Throwback Thursday: Crimsonland


Coming home from a long, hard day at work, the last thing you want to do is think. You want to sit down, relax, shut the brain off and get involved in some mindless, stress-relieving carnage. There are more than a few games that sate this desire, but one in particular from 2003 won the hearts of a lot of gamers: Crimsonland. It was one of the earliest examples of blood-soaked arena shooters and one of the first games to move the action to a 2D plane in the wake of Serious Sam.

The game is a top-down, twitch-shooter affair with a slight RPG slant and a distinctly B-grade aesthetic. Players equip themselves with all manner of over-the-top weapons (ion cannons and plasma shotguns, anybody?) which are used to take on horde after horde of monsters in a barren landscape. True to its name, the excessive bloodshed will ensure that, before long, the ground will be absolutely soaked in the blood and gibs of your enemies. The combat is extremely repetitive and immensely gratifying, while the enemy roster is the typical assortment of gaming badguys: zombies, aliens, spiders and so forth. The designs of the former two are passable, but it’s the spiders that really stand out. They’re ugly, repulsive and their movement is disturbingly lifelike, ensuring that you’ll want to squash them posthaste.

Sadly, this always seems to happen.

As Crimsonland wears on and players unlock new stages, upgrades in the form of “perks” will become available and can be used to swing the odds in your favour; reloading faster or firing poison bullets can make all the difference when you’re cornered and a hundred different enemies are rapidly closing in. In addition, random power-ups will appear on the field as enemies are eliminated; you can activate a nuke, freeze all enemies on the screen, slow down time or fire incendiary bullets for a few glorious seconds. Before long, combat becomes an intense show of fireworks, gore and special effects, and although the graphics are nothing special, it becomes loads of fun to watch the whole fiasco unfold.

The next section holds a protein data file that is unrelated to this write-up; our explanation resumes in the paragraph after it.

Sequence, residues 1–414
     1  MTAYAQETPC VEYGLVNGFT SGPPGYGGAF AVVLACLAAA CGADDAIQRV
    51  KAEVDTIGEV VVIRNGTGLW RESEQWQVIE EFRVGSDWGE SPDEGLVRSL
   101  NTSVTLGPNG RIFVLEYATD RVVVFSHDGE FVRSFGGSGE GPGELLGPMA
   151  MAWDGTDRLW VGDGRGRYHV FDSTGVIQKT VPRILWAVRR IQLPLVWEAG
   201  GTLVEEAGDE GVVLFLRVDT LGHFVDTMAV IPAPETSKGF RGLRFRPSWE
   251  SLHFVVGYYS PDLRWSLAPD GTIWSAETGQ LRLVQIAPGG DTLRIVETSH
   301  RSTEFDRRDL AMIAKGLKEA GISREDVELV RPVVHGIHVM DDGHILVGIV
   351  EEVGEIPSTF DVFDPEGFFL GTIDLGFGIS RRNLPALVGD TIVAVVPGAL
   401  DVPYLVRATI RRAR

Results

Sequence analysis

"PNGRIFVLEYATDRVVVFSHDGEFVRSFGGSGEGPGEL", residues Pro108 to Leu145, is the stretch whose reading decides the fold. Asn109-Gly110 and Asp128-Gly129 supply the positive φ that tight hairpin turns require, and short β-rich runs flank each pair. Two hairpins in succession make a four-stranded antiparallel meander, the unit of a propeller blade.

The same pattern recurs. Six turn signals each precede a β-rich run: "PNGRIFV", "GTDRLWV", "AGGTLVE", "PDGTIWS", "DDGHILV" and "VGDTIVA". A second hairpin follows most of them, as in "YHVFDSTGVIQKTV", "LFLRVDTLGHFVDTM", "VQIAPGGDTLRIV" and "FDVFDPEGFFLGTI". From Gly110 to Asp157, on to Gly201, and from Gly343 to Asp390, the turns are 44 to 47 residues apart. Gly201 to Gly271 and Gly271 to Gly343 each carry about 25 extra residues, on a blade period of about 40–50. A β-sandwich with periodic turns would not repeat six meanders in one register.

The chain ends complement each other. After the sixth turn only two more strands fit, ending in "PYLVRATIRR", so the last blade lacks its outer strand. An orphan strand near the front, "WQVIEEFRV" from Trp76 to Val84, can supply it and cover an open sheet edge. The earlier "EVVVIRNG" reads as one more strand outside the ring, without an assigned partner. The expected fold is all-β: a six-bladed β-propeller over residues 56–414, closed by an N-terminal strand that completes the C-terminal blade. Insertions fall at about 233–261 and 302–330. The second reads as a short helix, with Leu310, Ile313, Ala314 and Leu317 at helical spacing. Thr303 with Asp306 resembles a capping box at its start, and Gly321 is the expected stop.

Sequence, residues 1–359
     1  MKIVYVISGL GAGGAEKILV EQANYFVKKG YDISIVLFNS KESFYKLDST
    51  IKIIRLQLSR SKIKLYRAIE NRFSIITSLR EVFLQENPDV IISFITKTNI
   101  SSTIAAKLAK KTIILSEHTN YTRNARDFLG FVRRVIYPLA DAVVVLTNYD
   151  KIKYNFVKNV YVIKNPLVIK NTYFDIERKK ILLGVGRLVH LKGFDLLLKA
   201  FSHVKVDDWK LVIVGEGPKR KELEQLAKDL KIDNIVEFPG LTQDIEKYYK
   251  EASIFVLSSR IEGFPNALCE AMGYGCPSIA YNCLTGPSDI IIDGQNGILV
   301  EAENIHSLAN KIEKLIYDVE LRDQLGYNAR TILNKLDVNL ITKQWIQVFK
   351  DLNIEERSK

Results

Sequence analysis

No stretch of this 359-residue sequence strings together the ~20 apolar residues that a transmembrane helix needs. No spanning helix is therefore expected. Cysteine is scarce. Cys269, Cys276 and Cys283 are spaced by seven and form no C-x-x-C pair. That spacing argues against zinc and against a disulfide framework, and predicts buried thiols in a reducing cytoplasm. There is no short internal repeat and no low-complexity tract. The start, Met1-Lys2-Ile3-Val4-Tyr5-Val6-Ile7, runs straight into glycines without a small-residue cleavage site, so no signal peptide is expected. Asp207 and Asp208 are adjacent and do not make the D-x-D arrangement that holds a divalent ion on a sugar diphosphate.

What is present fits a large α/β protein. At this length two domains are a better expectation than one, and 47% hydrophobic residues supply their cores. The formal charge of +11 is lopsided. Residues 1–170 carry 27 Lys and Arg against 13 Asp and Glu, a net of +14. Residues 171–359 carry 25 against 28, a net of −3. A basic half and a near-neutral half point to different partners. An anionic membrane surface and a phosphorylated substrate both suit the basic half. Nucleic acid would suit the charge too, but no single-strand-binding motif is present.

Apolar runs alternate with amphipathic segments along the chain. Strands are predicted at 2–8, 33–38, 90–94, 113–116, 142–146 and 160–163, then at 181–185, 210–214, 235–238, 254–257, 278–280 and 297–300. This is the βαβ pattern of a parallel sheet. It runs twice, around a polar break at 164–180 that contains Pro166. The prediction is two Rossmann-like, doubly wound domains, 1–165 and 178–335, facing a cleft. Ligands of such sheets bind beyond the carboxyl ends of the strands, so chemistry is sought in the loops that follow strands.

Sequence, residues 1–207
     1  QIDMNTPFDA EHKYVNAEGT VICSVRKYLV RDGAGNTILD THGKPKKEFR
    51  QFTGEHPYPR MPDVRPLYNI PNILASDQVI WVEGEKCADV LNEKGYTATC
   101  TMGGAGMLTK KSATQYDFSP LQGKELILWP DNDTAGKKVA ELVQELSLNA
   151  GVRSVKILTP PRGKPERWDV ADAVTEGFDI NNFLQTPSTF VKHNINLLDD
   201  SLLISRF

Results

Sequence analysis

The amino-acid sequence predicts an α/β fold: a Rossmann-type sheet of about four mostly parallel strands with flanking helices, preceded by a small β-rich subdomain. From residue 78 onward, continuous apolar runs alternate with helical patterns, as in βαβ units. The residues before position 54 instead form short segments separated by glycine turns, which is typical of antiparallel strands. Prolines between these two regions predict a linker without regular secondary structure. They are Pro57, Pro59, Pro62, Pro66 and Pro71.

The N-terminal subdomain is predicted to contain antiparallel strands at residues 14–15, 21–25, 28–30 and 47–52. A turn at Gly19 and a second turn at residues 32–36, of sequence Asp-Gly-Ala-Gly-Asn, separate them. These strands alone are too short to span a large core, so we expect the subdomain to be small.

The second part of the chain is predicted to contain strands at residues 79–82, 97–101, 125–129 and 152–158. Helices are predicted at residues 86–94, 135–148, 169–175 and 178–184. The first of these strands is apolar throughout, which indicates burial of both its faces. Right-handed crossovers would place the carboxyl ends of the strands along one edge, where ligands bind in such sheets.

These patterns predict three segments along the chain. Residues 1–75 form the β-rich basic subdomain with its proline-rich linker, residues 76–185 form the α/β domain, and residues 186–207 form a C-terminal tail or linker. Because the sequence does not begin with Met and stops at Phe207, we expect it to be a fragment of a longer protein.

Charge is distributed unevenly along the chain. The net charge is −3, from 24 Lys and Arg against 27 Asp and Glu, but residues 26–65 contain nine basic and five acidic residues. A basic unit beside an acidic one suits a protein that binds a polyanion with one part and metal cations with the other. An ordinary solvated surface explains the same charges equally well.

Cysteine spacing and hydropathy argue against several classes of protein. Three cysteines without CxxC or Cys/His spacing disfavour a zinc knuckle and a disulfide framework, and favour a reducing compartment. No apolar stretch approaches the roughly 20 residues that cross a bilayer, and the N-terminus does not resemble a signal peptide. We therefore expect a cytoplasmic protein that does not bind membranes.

There are dozens of pre-configured stages to muscle through, though they are honestly not too difficult. Things take on a considerably more chaotic turn when you decide to try out the survival mode, which features our nameless protagonist in a perpetual fight with a never-ending stream of monsters.

Exterminate the vermin and their nests.
Exterminate the vermin and their nests.

The title has been off the radar for a few years now, but the good news is that there is a remade version that has recently become available on Steam. We’ll avoid the usual sanctimonious arguments about the legitimacy of remaking games, but suffice to say, Crimsonland is one title that definitely deserves such treatment. The remake features an updated presentation, enhanced graphics and assorted tweaks to its gameplay, perks and UI. One noticeable difference is that perks are only available in survival mode and must be unlocked by grinding through the campaign. Though I’m not sure if I’m a fan of this change to the original game’s fundamentals, it does add meta-goals and replayability to the experience.

If you want to give the remake a stab, you can find both the Steam and PS4 versions on the official site. The ever-benevolent folks at have their own build which includes the original 2003 classic as a free bonus. Either way, if you want low-budget, gory 2D shooter action, you simply can’t go wrong with Crimsonland.

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